Learning & Teaching Foreign Languages

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Most models of language acquisition, and particularly cognitive models, are concerned with input to the learner, and his or her output.  From these, the researcher can infer acquisition.

However, linguistic input is extremely abundant, dense and complex.  Babies hear many thousands of hours of connected speech, from which they must isolate forms and map meanings to understand and then produce their own utterances.  Second language learners face a similar task, through the filter of their L1 competence.

How do learners begin to process linguistic information?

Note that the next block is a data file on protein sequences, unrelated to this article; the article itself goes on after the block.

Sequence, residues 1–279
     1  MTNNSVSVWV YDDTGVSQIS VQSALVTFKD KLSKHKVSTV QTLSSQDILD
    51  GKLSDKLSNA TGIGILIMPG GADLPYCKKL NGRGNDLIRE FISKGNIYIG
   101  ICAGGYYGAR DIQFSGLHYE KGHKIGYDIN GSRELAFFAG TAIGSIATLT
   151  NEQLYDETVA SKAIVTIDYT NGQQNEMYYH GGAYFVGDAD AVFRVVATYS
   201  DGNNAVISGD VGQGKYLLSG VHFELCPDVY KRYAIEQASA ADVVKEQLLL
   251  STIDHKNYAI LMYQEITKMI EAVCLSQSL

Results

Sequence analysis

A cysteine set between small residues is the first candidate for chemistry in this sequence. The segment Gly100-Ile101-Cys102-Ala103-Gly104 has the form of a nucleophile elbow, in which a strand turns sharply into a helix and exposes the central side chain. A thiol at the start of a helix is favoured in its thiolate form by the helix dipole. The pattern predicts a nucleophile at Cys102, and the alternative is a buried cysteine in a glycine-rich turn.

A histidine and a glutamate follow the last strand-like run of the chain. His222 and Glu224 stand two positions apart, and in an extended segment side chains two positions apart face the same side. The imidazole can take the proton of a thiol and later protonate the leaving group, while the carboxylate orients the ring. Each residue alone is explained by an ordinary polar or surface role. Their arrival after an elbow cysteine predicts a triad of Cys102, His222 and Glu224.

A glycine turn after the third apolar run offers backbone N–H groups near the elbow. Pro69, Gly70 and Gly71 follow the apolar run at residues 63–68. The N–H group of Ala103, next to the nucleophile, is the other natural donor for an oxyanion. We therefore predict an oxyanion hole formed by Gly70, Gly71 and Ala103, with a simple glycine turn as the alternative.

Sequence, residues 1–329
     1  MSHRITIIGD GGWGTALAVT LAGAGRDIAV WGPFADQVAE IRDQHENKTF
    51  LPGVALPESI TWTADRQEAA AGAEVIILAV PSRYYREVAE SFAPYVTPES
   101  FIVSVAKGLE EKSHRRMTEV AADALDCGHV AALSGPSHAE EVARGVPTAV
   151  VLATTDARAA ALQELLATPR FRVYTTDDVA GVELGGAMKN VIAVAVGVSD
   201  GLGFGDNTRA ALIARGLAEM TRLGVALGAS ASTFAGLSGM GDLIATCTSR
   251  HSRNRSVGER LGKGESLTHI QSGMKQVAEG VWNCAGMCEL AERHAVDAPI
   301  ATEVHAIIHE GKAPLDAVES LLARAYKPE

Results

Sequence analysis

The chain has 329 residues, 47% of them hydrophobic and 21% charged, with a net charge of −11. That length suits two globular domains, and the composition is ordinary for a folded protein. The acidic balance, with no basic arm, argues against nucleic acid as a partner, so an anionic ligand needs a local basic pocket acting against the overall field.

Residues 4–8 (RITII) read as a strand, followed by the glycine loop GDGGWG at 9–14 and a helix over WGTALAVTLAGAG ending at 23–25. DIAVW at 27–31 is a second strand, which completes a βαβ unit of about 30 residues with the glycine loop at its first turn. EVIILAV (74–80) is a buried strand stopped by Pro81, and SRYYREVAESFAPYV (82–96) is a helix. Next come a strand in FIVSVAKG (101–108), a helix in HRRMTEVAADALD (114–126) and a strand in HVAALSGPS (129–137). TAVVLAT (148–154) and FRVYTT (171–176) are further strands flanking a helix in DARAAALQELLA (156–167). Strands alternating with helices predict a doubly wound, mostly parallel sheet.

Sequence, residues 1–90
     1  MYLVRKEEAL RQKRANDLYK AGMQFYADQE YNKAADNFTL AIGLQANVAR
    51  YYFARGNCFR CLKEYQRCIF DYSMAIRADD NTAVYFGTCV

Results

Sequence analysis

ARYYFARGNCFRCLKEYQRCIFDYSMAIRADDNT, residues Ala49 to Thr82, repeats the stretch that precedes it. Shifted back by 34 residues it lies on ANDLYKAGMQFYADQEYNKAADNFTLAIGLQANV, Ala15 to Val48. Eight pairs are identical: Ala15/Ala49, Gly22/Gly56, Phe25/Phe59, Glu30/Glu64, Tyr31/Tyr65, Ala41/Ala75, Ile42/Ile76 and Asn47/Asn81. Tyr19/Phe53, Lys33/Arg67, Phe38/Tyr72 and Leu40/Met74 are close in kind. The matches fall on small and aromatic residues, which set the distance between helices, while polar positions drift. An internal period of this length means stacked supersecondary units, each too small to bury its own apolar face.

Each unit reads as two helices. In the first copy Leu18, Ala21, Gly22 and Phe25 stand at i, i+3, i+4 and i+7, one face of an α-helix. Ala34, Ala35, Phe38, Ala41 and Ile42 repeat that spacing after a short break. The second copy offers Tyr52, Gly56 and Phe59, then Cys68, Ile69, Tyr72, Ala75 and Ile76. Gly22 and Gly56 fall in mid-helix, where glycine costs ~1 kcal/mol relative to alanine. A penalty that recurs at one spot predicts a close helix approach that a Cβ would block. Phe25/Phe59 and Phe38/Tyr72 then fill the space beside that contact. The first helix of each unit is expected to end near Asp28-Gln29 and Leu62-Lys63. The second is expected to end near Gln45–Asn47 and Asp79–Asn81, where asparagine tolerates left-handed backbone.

Pitt Corder was the first to distinguish input from intake.

The simple fact of presenting a certain linguistic form to a learner in the classroom does not necessarily qualify it for the status of input, for the reason that input is 'what goes in' not what is available for going in, and we may reasonably suppose that it is the learner who controls this input, or more properly his intake.  This may well be determined by the characteristics of his language acquisition mechanism and not be those of the syllabus.  After all, in the mother-tongue learning situation the data available as input is relatively vast, but it is the child who selects what shall be the input.

(Corder, 1967, p. 165)

The notion of intake has been of particular importance to the Interaction Hypothesis developed by Gass and Long.


  1. Read and reflect (Cognitivism): Learner errors
  2. Classroom illustration: Story retell

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